clock menu more-arrow no yes mobile

Filed under:

The Season Ahead: Why I Still Have Hope

For better or worse, I still have hope.

Brad Rempel-USA TODAY Sports

I assume that in a past life I must have only cheered for winning teams, this would help explain why every team that I cheer for now is terrible. Take the Oilers, I've been a season ticket holder for eight years, you know how those years have gone. I'm up to year ten with the Eskimos and I've seen one home playoff game, this in a league where half the teams host a playoff game each year. The Oil Kings won a Memorial Cup the year I gave up my season tickets. When it comes to baseball my first love is the Blue Jays and they haven't made the playoffs in 20 years, or really even been close. And then there are the Miami Dolphins, a team that I can't tell you why I cheer for and has has managed to rival the Oilers' front office incompetence in recent years. Yes, I must have done something in a past life to deserve this.

As surprising as it may sound to some, I find that there are a lot of similarities between fans of the Oilers and Dolphins. These are fans who were so fed up with their previous General Manager, Jeff Ireland, that some decided to pay for a plane to fly over the stadium with a banner urging the owner to fire him. Not just once, but twice. That almost makes a billboard calling for Kevin Lowe's head look tame by comparison. And so, when I came across an article on the "Eight Type of Dolphins Fans" I immediately noted how many of these cross over to the Oilers as well. One in particular jumped out at me, the Eternal Optimist:

This is the guy who, although realistic to the fact that the Dolphins have made no appreciable or significant improvement to the roster, still comes into the season thinking THIS is the year.

Our head coach is a lanky doofus? Sure, but he once worked with Aaron Rodgers. SO THAT'S SOMETHING.

Our number-one wide receiver can't catch? Yes, but he's superfast! Our schedule is tough.

Yeah, but the New England Patriots are older, even though they're showing no signs of slowing down and still have one of the best quarterbacks in the game. I mean, Tom Brady is 37 this year. THAT'S A WINDOW OF OPPORTUNITY!

Sound familiar?

Of course there is no right kind of fan, but, generally speaking, this type of fan and I don't see eye to eye. If I say that the Oilers are at best five wins better in their own end of the rink, or that they have a gapping hole on the second line that threatens to sink the team, or that there is very little I'm looking forward to next season, this fan disagrees. Sometimes on this site, other times on Twitter. And I love that debate, I really do. It's part of what makes writing on a site like this fun even when the team isn't any fun to watch. What I don't like from some of the more optimistic fans is the idea that I don't like the Oilers, or that I want them to lose, simply because I have different expectations for the season ahead.

Still I cling to the hope, as stupid and irrational as it may be, that everything will break right for the Oilers this season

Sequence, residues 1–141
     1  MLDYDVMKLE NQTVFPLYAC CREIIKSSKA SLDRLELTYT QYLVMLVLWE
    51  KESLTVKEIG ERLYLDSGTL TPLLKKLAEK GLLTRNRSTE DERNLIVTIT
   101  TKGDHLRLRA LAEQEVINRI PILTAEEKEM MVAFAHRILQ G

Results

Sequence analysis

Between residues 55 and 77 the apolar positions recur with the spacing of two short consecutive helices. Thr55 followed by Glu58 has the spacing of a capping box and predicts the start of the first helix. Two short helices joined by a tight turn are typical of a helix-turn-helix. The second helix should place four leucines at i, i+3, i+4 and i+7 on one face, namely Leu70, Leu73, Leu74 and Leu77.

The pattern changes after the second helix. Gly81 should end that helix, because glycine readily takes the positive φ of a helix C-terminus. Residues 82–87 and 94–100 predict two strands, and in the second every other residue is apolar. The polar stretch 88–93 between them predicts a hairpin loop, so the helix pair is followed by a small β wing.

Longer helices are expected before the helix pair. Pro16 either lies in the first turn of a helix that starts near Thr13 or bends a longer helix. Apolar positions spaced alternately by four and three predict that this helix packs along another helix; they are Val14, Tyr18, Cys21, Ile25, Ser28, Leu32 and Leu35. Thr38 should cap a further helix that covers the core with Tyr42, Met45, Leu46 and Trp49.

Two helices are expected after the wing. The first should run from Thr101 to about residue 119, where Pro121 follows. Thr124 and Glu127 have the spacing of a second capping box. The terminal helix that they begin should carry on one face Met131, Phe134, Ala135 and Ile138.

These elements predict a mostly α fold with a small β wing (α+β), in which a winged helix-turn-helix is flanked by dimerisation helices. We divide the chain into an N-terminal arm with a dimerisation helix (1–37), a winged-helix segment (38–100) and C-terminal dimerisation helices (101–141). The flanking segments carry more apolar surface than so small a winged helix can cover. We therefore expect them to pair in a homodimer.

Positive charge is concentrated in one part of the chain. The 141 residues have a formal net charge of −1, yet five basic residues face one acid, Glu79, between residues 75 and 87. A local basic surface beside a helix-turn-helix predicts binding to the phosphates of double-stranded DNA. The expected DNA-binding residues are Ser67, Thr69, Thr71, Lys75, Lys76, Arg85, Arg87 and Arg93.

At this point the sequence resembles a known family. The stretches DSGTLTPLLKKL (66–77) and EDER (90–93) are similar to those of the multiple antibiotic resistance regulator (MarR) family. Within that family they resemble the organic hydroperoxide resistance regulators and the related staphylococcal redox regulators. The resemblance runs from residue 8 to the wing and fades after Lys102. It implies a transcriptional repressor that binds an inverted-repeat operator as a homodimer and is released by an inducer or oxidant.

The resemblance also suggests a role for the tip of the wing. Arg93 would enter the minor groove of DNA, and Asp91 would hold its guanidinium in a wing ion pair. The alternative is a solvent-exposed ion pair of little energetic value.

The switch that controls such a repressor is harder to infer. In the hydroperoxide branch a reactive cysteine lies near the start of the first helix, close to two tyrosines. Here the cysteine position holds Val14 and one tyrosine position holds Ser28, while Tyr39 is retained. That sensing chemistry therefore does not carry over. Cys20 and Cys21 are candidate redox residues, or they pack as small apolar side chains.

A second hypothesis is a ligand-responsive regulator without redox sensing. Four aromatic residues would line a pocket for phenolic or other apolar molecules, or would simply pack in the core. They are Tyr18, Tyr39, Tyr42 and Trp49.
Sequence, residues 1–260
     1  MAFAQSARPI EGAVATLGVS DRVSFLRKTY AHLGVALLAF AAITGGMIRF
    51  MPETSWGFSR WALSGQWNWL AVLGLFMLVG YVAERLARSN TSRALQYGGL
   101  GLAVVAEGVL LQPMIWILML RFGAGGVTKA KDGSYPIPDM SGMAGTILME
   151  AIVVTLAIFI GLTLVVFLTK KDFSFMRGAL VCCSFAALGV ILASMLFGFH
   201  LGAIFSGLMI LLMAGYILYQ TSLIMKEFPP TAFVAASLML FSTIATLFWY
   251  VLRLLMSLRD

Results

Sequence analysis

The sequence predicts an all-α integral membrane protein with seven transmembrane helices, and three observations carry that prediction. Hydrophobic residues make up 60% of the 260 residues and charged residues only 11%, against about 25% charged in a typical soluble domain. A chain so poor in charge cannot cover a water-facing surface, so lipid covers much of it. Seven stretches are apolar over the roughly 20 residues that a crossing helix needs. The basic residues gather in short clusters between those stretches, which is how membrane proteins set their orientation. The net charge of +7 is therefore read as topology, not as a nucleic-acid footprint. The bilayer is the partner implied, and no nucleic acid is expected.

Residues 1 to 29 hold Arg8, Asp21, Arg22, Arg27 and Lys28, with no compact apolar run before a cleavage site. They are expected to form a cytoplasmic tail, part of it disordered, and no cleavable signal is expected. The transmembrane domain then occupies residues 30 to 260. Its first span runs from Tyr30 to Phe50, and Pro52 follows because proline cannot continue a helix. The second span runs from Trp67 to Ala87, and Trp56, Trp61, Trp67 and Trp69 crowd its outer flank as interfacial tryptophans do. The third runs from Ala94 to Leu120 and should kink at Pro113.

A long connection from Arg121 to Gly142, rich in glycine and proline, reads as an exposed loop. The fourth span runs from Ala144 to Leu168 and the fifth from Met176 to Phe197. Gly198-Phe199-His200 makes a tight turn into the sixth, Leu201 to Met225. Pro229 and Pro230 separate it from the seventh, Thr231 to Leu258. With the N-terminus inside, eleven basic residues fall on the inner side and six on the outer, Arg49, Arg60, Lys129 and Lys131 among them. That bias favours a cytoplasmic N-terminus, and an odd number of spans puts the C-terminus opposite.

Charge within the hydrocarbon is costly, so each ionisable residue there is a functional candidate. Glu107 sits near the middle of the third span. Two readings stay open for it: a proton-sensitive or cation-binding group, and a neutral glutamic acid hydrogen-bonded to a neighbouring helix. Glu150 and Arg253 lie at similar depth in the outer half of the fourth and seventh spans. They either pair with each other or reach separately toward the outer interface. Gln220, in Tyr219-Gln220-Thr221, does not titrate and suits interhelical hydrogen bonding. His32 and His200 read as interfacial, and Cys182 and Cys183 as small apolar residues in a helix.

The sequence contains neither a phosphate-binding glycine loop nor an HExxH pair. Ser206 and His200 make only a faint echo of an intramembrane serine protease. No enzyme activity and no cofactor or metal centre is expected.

I can't tell you how many times I've written something and hoped, deep down, that I was wrong, that whatever is was that Oilers were doing would work out for them. I'd gladly be wrong about everything Oilers related for a calendar year if it meant that the team would make the playoffs at the end. That's not how it works though. I look at this team and I see 12th place, and so I write that. But still I cling to the hope, as stupid and irrational as it may be, that everything will break right for the Oilers this season and when the dust clears they'll be a lot better than I expected, or, dare to dream, in a playoff spot. This year the source of that hope is Ryan Nugent-Hopkins' surgically repaired shoulder.

The reality of the Oilers is that they will go as far as Taylor Hall can take them. But there is only so much that he can do by himself, he has to have a supporting cast, and the biggest part of that supporting cast is Nugent-Hopkins. We all saw what Hall was like a full year removed from the shoulder surgery that ended his second NHL season. It was like watching a different player. More aggressive in the offensive zone and stronger on the puck. Some of that could, and should, be attributed to his having another year in the NHL under his belt, But there is a difference between between healthy enough to play and really being confident about your shoulder after a surgery like he and Nugent-Hopkins had. And I think we saw some of that difference in the way that Hall played last season.

Now, if Nugent-Hopkins can bounce back in a similar way just imagine the Oilers top line. That would be a combination that could be put up against the league's best and be expected to come out on top more often than not. A Nugent-Hopkins finally playing at 100% skating with one of the league's very best left wingers, it gives me goose bumps. Just how good would number Hall's counting numbers be in a situation like this, and would it be enough to overcome the roster holes that exist elsewhere in the lineup? I have my doubts that it would be, but we can always hope.